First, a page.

When it comes to driving, speed is not everything. But on the web, speed makes all the difference. The faster your application, the better the user experience. Well, this article is on PHP Generators, so why are we talking about speed? As you are soon about to find out, generators make a huge difference on speed and memory management.

He starts off by explaining what generators are and gives a simple code example showing how they can replace a standard loop (without some of the memory overhead). He uses a for and foreach loop to show a memory overflow caused by it trying to reach the highest integer allowed in the config. To help solve this, he makes use of generators, a much more memory efficient method that only returns the latest value requested and doesn't keep the remainder in memory. He then answers the question of why you might need to even use generators, how to return keys and send values into the generator. He also offers a word of advice on using them - mostly to not overuse them as it's still possible to have issues (like the memory one above).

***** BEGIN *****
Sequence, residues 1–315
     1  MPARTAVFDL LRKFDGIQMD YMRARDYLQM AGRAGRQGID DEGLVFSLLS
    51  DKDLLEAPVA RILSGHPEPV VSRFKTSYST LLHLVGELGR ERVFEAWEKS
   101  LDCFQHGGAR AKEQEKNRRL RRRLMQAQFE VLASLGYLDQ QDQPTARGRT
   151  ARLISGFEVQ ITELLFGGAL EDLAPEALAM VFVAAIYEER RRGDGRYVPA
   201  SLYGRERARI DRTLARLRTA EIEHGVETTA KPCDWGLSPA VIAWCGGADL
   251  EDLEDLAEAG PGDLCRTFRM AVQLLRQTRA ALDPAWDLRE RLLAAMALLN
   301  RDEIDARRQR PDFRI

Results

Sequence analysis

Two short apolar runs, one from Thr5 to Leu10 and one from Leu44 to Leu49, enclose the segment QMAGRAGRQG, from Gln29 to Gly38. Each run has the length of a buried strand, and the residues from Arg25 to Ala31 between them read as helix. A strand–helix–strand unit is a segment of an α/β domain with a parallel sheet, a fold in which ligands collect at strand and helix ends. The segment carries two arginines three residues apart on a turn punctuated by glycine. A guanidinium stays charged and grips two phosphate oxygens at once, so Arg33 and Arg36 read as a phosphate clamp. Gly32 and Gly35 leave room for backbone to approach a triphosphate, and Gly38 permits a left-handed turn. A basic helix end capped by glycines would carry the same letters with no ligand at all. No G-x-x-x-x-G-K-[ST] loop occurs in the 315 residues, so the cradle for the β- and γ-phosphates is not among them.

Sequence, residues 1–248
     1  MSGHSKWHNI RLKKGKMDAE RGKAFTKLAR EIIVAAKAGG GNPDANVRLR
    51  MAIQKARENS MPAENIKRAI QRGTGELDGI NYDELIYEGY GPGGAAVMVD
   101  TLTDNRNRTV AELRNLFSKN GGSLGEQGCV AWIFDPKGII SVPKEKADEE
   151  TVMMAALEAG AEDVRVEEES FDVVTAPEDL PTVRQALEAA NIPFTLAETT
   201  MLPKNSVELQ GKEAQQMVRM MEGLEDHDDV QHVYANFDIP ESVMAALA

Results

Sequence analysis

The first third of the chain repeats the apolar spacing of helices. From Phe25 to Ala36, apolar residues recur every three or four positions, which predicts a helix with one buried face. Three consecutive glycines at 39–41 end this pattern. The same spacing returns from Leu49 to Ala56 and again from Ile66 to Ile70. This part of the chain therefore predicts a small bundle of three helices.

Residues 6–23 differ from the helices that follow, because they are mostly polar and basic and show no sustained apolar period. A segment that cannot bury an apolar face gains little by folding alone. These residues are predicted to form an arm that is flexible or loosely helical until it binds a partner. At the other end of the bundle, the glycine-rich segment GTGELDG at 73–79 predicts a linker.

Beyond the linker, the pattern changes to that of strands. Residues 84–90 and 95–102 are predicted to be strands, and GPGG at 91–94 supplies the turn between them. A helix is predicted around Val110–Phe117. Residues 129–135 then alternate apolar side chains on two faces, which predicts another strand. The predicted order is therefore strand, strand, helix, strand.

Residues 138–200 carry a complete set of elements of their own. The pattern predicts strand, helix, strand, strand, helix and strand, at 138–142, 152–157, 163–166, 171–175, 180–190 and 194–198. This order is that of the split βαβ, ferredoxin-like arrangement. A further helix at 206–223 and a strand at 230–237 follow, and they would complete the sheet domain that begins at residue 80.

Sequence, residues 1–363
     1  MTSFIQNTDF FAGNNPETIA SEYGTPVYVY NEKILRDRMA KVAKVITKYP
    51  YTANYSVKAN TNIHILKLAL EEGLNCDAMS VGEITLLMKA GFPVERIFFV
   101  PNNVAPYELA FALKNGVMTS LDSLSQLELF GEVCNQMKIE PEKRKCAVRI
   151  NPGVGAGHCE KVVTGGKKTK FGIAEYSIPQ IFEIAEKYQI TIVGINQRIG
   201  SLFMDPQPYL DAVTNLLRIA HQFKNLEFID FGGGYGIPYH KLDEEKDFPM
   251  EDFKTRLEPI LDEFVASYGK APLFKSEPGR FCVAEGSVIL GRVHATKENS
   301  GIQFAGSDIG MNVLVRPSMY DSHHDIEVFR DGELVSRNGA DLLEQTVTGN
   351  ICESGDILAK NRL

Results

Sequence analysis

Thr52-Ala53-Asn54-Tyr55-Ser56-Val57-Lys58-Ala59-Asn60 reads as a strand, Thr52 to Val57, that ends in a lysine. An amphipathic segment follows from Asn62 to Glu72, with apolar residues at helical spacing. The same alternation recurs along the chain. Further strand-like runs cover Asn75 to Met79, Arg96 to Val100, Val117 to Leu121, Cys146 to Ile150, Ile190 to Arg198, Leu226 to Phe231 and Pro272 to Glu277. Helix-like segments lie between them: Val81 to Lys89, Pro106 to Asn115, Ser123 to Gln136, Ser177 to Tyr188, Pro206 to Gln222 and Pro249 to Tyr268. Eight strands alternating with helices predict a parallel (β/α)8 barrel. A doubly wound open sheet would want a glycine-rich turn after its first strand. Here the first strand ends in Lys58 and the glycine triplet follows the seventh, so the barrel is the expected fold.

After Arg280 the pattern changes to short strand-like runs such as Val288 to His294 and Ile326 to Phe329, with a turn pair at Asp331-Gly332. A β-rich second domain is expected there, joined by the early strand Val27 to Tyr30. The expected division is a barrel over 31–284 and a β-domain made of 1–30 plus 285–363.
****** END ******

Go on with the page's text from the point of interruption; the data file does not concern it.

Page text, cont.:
tagged: generator example introduction tutorial memory yield

Link: https://scotch.io/tutorials/understanding-php-generators

SitePoint PHP Blog:
Testing PHP Code with Atoum – an Alternative to PHPUnit
Oct 21, 2016 @ 11:52:28

The SitePoint PHP blog has a tutorial posted introducing you to a more recent addition to the testing tools available to PHP: atoum. The tutorial provides the basics and shows you how to use it in testing your code as an alternative to PHPUnit.